Tohu Whenua - Landmarks that tell our stories
Things to do
Te Tai Tokerau Northland’s network of nine Tohu Whenua (which means ‘landmarks’ in Te Reo Māori) tell the stories of our nation’s beginnings - places where our Māori and European ancestors arrived, centuries apart, and where their identities were defined. Located in stunning landscapes, jam-packed with stories and hands-on activities, Northland’s Tohu Whenua have something for everyone.
Ruapekapeka Pā, Towai - Explore Aotearoa’s best preserved battlefield, where Māori chiefs and their outnumbered warriors made a final stand in the last battle of the Northern War.
Pompallier Mission & Printery, Russell - Learn about 19th century printing and bookbinding at Aotearoa’s only surviving pioneer printery and tannery, where missionaries introduced Catholicism through books in Te Reo Māori.
Rangihoua Heritage Park, Oihi - Discover the place where Māori and Europeans first learned to live side by side. The Marsden Cross memorial marks our country’s first Christmas Day service held in 1814.
Kororipo Heritage Park, Kerikeri - This is where most important early meetings between Māori and Europeans took place. Visit our oldest European buildings (Stone Store and Kemp House), explore Kororipo Pā and experience pre-European life at Te Ahurea.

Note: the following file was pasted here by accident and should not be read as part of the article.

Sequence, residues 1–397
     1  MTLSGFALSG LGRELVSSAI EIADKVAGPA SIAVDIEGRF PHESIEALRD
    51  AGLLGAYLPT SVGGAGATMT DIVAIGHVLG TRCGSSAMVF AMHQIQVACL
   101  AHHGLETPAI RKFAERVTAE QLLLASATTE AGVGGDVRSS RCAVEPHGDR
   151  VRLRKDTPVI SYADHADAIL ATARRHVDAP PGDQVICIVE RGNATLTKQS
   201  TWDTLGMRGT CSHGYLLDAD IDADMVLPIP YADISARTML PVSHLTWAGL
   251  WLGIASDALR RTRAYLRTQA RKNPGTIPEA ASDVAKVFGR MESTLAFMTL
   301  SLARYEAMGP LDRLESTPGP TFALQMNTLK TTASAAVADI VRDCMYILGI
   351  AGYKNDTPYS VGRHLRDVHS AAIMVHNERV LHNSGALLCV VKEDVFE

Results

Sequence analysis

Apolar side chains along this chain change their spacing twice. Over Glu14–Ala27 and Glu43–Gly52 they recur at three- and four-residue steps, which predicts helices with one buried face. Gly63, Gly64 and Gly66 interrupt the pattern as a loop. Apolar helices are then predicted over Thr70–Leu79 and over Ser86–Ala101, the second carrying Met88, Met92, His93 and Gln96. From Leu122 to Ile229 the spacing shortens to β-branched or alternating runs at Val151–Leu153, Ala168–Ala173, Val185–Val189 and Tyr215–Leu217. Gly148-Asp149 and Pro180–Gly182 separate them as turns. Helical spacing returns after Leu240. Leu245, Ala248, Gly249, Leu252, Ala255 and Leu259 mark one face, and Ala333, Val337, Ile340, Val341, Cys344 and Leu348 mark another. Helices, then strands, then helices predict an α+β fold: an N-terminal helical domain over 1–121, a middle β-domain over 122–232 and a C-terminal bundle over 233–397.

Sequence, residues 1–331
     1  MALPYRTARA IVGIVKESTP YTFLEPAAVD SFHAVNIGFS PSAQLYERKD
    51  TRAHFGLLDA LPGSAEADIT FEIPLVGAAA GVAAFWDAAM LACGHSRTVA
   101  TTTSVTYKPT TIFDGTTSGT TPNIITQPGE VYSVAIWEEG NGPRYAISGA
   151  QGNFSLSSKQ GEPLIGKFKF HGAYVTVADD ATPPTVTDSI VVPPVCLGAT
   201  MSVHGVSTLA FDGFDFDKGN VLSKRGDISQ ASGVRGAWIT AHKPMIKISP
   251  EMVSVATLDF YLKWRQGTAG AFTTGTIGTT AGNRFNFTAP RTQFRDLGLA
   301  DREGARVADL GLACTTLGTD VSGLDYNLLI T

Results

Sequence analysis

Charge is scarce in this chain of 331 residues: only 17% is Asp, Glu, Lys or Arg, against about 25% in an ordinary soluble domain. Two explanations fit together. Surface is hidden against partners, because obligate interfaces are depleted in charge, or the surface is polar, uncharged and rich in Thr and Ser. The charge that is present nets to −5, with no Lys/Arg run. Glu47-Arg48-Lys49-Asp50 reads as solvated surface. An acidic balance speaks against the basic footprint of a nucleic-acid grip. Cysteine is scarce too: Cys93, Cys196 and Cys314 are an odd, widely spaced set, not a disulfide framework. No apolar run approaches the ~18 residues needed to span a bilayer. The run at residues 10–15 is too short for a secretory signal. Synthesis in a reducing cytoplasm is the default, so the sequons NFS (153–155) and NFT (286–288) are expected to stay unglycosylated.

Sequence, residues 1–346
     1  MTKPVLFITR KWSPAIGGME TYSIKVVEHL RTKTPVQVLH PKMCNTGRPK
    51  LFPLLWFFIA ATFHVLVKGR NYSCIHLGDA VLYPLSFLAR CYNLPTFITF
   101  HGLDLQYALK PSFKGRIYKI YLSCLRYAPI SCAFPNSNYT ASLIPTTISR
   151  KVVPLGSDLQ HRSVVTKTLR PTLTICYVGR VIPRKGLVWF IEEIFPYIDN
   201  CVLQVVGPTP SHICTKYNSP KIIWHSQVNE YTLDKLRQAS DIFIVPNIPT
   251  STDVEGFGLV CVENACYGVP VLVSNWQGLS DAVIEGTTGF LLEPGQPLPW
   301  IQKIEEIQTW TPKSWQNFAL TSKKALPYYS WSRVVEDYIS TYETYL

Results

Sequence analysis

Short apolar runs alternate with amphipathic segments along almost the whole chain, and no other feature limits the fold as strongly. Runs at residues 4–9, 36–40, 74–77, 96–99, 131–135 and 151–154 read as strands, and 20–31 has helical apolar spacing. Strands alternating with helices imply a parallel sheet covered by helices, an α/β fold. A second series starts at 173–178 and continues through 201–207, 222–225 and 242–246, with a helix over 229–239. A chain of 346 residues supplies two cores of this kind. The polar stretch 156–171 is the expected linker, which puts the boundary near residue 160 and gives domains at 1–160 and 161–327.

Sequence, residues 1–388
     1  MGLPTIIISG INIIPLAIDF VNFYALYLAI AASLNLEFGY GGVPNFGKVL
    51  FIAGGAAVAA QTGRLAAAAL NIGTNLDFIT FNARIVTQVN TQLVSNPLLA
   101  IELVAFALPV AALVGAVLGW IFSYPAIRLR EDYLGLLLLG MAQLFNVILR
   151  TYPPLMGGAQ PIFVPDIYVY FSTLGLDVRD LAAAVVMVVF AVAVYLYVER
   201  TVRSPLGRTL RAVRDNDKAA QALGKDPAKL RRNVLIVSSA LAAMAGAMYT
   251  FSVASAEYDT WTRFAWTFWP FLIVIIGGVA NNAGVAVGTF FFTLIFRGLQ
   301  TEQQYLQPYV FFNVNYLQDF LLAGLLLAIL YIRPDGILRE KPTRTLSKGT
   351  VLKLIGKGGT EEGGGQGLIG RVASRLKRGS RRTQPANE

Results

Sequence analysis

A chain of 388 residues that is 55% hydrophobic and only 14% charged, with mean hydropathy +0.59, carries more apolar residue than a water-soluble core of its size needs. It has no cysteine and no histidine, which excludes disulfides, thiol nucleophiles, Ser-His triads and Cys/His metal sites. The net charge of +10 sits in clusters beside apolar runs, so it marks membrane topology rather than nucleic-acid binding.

Waitangi Treaty Grounds, Waitangi - Stand at the spot where Te Tiriti o Waitangi was first signed by Māori chiefs and British Crown on 6 February 1840. Included are a one-hour guided tour, two contemporary museums, carving demonstrations and a kapa haka performance.
Te Waimate Mission, Waimate North - Explore Aotearoa’s first European farm, including the remaining mission house and heritage gardens. This model farming village was intended to teach British farming practices to Māori.
Māngungu Mission, Horeke - Located on a hill with stunning views over Hokianga Harbour, Māngungu Mission marks the site of our largest signing of Te Tiriti o Waitangi.
Clendon House, Rāwene - A colonial home built in the 1860s, Clendon House tells the story of Captain James Reddy Clendon and his wife Jane Takotowi Clendon, both remarkable people for very different reasons.
Rākaumangamanga - Cape Brett - It was here that the first seven waka travelling from Hawaiiki found land guided by the light reflecting off the cape’s crystalline rocks. In 1906 the cape became the site of an iconic lighthouse. Access is via a hiking track or by water taxi/boat.